Naturals Happy Traveler is an excellent way to calm your anxious dog 100 percent naturally,” says Leslie Kessinger, co-owner of Three Dog Bakery  in Franklin. Happy Traveler comes in capsules (recommended for larger dogs or extremely anxious dogs) and chews, and contains ingredients like valerian, tryptophan, and chamomile that soothe anxiety without sedation. “Your dog feels more calm, but still acts like himself, unlike prescription sedatives and anti-anxiety medications which completely knock them out,” adds Kessinger. If your pup’s anxiety or excitement is mild, Kessinger recommends Rescue Remedy, which is another natural calming aid. “Rescue Remedy is an alcohol-free tonic that can be applied to treats or added to food to help reduce stress. It is milder than Happy Traveler, so it’s recommended for dogs who just need a little help remaining calm in the stress of travel,” says Kessinger.

  • Nail Trimming. Long nails can get caught in carrier doors, holes and crevices. If Fido’s nails are trimmed, it will help you avoid injury.
  • No Food, But Water. Avoid feeding your pup four to six hours before your flight to avoid indigestion and other travel-induced stomach problems. You can give your pet a bit of water. Securing a travel bowl containing ice cubes to the inside of the carrier is a good idea.
  • Consider the Temp. If you choose to travel during summer or winter, select a flight that will accommodate temperature extremes, especially if your pet is traveling in the below-cabin area. During the summer months, most airlines establish pet travel embargoes for summer months.
  • Choose the Correct Pet Carrier. There are two main types of carriers available: hard-sided and soft-sided. Soft-sided carriers make better carry-ons, as they are a bit flexible and tend to fit better under the seat. Follow the manufacturer’s recommendations carefully as far as the appropriate size carrier for your pet. Your carrier should be well ventilated and large enough for your pet to stand up, turn around, and lie down comfortably. Make sure your pet cannot escape the carrier.
  • Label Carrier. Secure a travel label to your pet’s carrier with his name; your name, cell number and final destination address and phone numbers; along with the name and number of a contact person.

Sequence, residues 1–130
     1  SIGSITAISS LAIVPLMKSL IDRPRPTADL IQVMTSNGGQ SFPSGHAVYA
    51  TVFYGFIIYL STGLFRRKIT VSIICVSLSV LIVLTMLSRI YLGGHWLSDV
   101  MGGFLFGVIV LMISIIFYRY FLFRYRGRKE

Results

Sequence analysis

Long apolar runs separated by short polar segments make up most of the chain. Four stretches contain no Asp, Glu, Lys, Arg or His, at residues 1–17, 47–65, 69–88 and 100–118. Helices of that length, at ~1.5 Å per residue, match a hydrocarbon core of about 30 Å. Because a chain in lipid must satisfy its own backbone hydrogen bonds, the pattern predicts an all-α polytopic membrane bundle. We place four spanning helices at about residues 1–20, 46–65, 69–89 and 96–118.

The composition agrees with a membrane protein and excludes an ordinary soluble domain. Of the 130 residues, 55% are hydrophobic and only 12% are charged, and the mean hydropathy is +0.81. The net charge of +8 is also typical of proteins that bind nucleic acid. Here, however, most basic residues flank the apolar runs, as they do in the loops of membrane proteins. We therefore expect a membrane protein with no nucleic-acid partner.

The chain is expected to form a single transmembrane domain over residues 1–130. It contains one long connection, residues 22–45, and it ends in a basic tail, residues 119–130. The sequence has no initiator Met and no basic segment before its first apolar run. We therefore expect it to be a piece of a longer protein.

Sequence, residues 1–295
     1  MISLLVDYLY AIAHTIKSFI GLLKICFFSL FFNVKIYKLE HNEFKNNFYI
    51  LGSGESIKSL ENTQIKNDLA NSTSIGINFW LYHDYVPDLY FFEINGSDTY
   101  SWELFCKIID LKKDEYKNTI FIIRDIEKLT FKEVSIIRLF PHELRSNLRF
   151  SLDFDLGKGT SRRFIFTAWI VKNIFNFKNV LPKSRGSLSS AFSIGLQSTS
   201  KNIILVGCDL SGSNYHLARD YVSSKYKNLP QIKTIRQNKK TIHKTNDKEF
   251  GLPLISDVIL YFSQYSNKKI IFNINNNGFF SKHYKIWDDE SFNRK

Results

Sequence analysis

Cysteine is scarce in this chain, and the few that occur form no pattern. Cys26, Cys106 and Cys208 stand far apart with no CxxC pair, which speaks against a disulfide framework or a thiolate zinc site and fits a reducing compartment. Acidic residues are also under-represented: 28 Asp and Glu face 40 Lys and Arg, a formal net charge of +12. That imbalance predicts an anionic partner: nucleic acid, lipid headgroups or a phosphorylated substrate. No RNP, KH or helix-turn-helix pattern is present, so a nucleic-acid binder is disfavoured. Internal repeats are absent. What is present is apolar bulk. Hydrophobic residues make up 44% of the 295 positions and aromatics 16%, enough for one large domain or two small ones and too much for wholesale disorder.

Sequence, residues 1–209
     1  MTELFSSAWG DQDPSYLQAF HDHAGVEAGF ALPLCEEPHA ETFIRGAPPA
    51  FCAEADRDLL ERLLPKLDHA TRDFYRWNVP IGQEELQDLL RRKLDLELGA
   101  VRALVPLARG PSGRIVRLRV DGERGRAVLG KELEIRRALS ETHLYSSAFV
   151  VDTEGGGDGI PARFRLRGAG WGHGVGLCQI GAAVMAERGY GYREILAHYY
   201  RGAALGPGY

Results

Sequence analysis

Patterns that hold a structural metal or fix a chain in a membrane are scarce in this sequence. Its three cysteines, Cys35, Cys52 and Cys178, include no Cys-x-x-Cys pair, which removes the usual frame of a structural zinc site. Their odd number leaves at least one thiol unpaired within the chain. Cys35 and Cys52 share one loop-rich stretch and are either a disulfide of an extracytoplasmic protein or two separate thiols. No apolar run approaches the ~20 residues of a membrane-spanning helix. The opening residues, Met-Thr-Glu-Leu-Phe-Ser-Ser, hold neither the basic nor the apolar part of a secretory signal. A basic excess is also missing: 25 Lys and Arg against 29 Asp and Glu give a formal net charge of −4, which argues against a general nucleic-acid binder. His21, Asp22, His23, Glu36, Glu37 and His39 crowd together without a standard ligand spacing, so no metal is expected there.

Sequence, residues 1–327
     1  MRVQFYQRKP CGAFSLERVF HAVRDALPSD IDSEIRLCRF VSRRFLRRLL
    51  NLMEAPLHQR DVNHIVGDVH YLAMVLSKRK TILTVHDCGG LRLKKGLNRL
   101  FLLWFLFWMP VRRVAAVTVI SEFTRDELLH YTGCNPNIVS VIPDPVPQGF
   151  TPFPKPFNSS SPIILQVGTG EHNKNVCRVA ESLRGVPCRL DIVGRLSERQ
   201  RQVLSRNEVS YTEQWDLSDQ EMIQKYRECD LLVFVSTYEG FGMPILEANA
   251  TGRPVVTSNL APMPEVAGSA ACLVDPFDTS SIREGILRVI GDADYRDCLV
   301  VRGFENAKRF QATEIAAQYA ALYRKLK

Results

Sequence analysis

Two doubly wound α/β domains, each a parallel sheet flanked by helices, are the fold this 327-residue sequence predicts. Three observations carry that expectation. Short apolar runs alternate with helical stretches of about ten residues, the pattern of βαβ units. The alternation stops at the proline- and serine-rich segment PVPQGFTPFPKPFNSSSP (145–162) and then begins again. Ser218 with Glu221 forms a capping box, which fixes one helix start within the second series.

• Prepare your Pup. A month before your flight, begin familiarizing your pet with his travel carrier. Feeling at home in the carrier will minimize his stress during travel. Put an item with your scent on it in the carrier – this will give your pup great comfort during the trip.
  • Update Pet ID & Collar. Make sure that your pet wears a collar that can’t get caught in his carrier door. Secure two pieces of identification onto your pup’s collar: a permanent ID with your name, home address and home phone number, and a temporary travel ID that contains the address and telephone number where you or a designated contact person can be reached at your final destination. It’s best if your pet is micro chipped.
  • Carry a Pic.  Carry a recent photo of your pet when you travel together. If you and your pet get separated somehow, it will be easier to find him.
  • Bring a Leash. Carrying a leash makes it easy to walk your dog before takeoff and after arrival. Never, ever leave a leash in or on your pup’s carrier. It can cause strangulation or other injuries.
  • Inspect your Pet. Once you arrive at your destination, find an appropriate place to open your pet’s carrier and look him over carefully. If you notice anything amiss, take him directly to a veterinarian. After the vet’s exam, get the results in writing, including the date and time of your visit. In order to file a report with your respective airline, this information is imperative.
  • Don’t Forget the Health Certificate from Vet 

You can find the holistic products for your nervous pup at Three Dog Bakery, located on West McEwen Drive, adjacent to Whole Foods in the McEwen Shopping Center in Franklin. To learn more about Three Dog Bakery, click here

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Teddy & Lucky, Pet Proprietors Three Dog Bakery
Teddy & Lucky, Pet Proprietors
Three Dog Bakery

If you have health concerns about your dog, consult your veterinarian. This article is not meant to substitute or act as medical advice for pets.